I’m a big fan of all things NYC, both new and old. And since I’m also a spreadsheet-enamored, data-appreciative geek, I’m really loving Welcome to 1940s New York, a new, interactive map that CUNY’s Center for Urban Research launched this week.
As Gothamist describes it, the map is:
a slick mash-up of 1940s Census data, web maps and a rare 1943 book called NYC Market Analysis found by then-graduate student Steven Romalewski in 1997 and painstakingly scanned and placed onto a map of the city…Using newspaper and census data (including info from the Times, the Daily News, The Daily Miror, and the New York Journal American) the site gives you a peek into the “City of a Hundred Cities,” with each neighborhood getting a clickable description with photographs, block-by-block rental breakdowns and population statistics.
Of course, I went straight to my ‘hood, Washington Heights. The pop-up window showed me a few photos of different blocks from 1943. (The corner of Cabrini Boulevard and 181st Street doesn’t look too different!) It also has a color-coded key to apartment prices from that year. And since all of us New Yorkers are obsessed with real estate, that’s pretty awesome.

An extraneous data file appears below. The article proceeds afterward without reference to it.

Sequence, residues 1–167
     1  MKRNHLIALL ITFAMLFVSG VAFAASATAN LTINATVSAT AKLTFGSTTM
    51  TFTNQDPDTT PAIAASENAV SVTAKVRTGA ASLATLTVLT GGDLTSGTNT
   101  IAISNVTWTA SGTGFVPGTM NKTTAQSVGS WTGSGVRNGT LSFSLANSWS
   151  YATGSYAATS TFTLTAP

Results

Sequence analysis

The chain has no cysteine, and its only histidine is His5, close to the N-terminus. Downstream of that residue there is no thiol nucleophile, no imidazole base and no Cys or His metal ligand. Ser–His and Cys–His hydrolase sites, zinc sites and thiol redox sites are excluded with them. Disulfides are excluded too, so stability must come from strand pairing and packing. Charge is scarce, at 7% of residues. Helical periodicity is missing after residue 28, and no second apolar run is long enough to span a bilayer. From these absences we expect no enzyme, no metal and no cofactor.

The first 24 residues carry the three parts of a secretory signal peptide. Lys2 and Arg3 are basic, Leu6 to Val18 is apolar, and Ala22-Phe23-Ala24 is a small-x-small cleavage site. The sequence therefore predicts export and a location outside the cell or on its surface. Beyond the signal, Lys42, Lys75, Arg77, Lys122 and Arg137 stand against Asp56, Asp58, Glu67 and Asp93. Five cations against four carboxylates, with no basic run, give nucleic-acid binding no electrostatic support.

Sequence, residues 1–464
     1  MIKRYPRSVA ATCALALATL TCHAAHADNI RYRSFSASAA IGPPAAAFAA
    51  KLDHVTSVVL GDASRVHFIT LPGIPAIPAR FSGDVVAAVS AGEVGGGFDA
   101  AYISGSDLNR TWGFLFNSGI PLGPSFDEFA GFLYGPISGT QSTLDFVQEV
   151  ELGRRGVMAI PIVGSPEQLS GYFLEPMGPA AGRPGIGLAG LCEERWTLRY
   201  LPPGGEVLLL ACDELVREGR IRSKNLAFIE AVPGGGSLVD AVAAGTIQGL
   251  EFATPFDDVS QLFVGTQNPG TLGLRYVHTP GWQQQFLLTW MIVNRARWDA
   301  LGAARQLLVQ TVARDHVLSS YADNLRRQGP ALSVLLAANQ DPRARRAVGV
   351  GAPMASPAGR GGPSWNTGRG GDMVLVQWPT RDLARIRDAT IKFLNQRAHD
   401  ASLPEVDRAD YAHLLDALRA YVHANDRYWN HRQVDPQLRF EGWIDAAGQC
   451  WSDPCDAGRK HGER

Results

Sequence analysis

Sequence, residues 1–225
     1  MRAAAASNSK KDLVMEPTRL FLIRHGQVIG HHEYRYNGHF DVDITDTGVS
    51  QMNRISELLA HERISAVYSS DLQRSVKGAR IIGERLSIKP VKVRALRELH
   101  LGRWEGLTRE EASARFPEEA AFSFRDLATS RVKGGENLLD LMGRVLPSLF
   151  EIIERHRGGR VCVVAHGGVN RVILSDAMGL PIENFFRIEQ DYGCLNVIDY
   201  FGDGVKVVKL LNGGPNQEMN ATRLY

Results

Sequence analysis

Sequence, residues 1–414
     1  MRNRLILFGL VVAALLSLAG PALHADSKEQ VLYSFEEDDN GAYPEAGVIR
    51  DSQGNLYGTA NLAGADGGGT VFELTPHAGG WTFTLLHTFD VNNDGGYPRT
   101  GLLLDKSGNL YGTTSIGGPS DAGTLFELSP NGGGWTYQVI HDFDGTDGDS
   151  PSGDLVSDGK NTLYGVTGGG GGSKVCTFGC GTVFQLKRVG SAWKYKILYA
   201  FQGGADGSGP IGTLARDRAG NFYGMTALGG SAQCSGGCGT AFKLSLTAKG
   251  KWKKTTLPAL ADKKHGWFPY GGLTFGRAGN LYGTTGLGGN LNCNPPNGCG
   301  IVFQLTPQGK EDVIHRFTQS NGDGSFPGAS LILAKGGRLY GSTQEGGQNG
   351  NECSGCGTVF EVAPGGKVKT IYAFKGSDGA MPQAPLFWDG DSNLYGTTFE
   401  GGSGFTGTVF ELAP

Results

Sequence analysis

Rent in my apartment building ranged from $75 to 99 a month. And since I live in a studio, I can safely assume that my rent would have been $75. It’s scary how much more I pay for the same space less than 100 years later!
(Image via Gothamist)